In a nutshell, it is because agribusiness is so large and has such complexity; it is easier to spin homespun yarns with familiar images of an agrarian past long since gone. We all love these images, and naturally want to hark back to them. The reality of modern agribusiness is quite different today, it is post-agrarian age, it is post-industrial age, and it is even post-industrial-agriculture age. What makes things sad about this reality, is that if we are going to feed billions more, the rate of change will go faster in future than we’d like to admit. The world can’t turn back to older, less productive methods on a global scale, or an awful lot of people will go very hungry indeed. You realize of course, that makes for a far more dangerous world.
Probably, paradoxically, agribusiness is too worried about feeding you that its big picture is not hitting home runs with the consumer – yet. Times are tough.
Yes, mainstream media is too worried about it business model to deal with the genuine issues underlying what is necessary to feed you.
There’s someone I know that works as a senior editor in the Murdoch Empire, I think now there’s a strategic vision of what it could be. But, will the internal politics of that empire allow him to air it – I’m afraid not. Or a frayed knot, whatever way you want to look at it.
Whether you are for against the current climate debate, or firmly sitting on the fence, Mother Nature has only one certainty – there is a limit to what she can do. She is wondrous in her natural glory, but finite in her bounty.
If Mother Nature was in business, she’d be in agribusiness, the business of feeding you and every one of us. Figuring out how to nourish 9 billion people in perpetuity, and make a profit along the way, is one almighty conundrum for us all to ponder. It won’t happen as a global loss-making exercise. It’d be a lot easier if the mainstream media realised that they are part of the global food system challenge and gave the agribusiness industry back what it put in (and yes, newspapers are made from trees) in terms of value-for-money. Nourish each other, so to speak.
So we agribusiness advocates are increasingly interested in how Mother Nature is going to feed you, and me, 24/7. It seems the weather’s turning and she is getting a tad cranky with us lately.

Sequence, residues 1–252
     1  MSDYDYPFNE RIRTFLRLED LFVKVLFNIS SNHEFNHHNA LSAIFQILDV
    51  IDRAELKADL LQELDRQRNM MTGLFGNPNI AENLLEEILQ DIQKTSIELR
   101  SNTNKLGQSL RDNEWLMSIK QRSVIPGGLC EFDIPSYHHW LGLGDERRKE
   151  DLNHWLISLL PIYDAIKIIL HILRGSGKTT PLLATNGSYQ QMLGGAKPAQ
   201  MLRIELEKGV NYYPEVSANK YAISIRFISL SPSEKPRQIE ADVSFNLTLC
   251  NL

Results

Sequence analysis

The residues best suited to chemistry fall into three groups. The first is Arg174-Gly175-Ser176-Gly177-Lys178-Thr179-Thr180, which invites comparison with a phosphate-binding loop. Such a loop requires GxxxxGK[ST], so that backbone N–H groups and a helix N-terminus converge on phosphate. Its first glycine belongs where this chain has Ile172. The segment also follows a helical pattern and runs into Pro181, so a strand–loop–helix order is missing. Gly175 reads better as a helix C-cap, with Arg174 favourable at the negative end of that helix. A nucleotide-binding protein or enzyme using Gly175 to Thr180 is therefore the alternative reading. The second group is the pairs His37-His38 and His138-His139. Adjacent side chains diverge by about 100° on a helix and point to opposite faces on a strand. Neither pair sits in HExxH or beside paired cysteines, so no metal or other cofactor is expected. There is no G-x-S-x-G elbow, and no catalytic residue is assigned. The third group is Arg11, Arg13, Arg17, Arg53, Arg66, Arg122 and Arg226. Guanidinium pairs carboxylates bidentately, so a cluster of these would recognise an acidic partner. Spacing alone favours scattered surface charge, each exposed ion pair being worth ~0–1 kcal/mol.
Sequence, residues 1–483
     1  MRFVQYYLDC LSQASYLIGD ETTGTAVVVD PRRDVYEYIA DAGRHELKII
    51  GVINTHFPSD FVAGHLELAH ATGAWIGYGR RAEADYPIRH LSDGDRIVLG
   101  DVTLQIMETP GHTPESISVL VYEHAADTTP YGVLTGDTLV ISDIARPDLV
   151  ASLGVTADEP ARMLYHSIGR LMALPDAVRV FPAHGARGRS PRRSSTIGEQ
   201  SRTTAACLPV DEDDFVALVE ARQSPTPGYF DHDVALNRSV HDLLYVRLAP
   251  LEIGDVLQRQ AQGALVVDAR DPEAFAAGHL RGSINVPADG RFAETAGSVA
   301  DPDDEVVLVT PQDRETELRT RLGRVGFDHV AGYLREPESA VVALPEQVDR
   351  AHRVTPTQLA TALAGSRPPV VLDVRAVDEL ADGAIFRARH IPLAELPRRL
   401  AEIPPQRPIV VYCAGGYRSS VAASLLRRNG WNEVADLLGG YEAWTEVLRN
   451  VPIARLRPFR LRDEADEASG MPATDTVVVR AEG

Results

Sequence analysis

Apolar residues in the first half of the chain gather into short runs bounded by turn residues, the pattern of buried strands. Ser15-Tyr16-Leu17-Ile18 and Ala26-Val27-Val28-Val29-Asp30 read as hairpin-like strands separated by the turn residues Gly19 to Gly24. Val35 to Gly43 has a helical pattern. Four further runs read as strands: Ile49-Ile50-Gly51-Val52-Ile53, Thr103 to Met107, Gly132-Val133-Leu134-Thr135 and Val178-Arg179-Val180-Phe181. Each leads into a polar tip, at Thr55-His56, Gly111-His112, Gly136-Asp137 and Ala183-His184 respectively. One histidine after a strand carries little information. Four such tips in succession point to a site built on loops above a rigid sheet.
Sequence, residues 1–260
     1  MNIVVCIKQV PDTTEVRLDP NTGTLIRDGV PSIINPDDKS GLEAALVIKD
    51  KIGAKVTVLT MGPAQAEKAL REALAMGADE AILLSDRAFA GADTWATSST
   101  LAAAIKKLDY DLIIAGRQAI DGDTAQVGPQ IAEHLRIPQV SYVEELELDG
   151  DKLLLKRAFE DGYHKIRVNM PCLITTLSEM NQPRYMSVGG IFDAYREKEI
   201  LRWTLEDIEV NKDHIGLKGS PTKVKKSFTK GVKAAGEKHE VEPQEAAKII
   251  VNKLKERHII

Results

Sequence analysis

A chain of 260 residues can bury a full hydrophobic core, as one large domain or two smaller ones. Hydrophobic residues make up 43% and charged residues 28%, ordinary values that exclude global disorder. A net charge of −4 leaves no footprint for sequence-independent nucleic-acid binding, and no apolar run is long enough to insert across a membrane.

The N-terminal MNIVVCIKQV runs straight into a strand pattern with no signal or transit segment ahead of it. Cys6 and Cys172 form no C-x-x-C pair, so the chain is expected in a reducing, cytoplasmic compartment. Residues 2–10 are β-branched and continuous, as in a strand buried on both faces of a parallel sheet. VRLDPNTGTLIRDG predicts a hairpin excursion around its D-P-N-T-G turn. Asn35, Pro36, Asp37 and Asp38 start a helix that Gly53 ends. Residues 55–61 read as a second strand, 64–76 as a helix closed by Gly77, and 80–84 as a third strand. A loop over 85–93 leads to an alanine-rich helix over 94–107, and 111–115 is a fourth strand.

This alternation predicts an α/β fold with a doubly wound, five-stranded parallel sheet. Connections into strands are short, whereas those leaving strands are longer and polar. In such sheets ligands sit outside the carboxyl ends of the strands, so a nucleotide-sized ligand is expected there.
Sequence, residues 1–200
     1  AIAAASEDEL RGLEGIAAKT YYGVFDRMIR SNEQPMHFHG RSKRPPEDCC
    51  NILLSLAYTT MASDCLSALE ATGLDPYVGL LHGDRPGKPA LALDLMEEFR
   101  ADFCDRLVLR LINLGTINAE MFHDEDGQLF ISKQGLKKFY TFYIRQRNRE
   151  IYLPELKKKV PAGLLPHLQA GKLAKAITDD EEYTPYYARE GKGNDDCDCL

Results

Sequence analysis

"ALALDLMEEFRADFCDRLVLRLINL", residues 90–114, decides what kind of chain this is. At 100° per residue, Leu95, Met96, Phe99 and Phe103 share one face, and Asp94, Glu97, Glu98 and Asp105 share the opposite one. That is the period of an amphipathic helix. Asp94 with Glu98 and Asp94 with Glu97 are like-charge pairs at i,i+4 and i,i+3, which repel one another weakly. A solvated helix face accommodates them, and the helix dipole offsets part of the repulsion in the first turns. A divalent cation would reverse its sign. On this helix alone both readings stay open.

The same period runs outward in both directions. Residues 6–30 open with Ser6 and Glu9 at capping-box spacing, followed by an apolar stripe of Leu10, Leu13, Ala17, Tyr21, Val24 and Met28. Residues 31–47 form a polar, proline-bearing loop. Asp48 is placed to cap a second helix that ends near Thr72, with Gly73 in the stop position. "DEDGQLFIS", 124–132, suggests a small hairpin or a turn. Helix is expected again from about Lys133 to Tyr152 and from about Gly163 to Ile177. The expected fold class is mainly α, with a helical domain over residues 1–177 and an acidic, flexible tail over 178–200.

There’s more of course, but you get the picture. Agribusiness contributes more than it gets in return under traditional push marketing (or paid media business models) in the traditional mainstream media. Hence the rise of the Internet, more and more businesses even in the traditionally conservative agribusiness sector, are turning to earned media models to focus on what you want, so-called pull marketing.
They say it is no longer about what you say your brand is, it’s what others say it is. However, it is still about a mix of both approaches, old and new. Consequently there are furrowed brows on both sides, with patches to protect and undreamed of empires yet to be built in the fast moving Internet of the future. Today’s media landscape is in flux, but the shift is on, the trends are established. What does that means for agribusiness? Simple, use the situation to your advantage, pick and choose (yes, you can be in a buyers’ market for a change).
If you’d like to continue to develop this theme for the benefit of ‘feeding the world’ good news about food, then bring your ideas along and join the conversationat:

 Agribusiness+ …growing solutions to feed you.


Leave a Reply

Fill in your details below or click an icon to log in: Logo

You are commenting using your account. Log Out /  Change )

Google+ photo

You are commenting using your Google+ account. Log Out /  Change )

Twitter picture

You are commenting using your Twitter account. Log Out /  Change )

Facebook photo

You are commenting using your Facebook account. Log Out /  Change )


Connecting to %s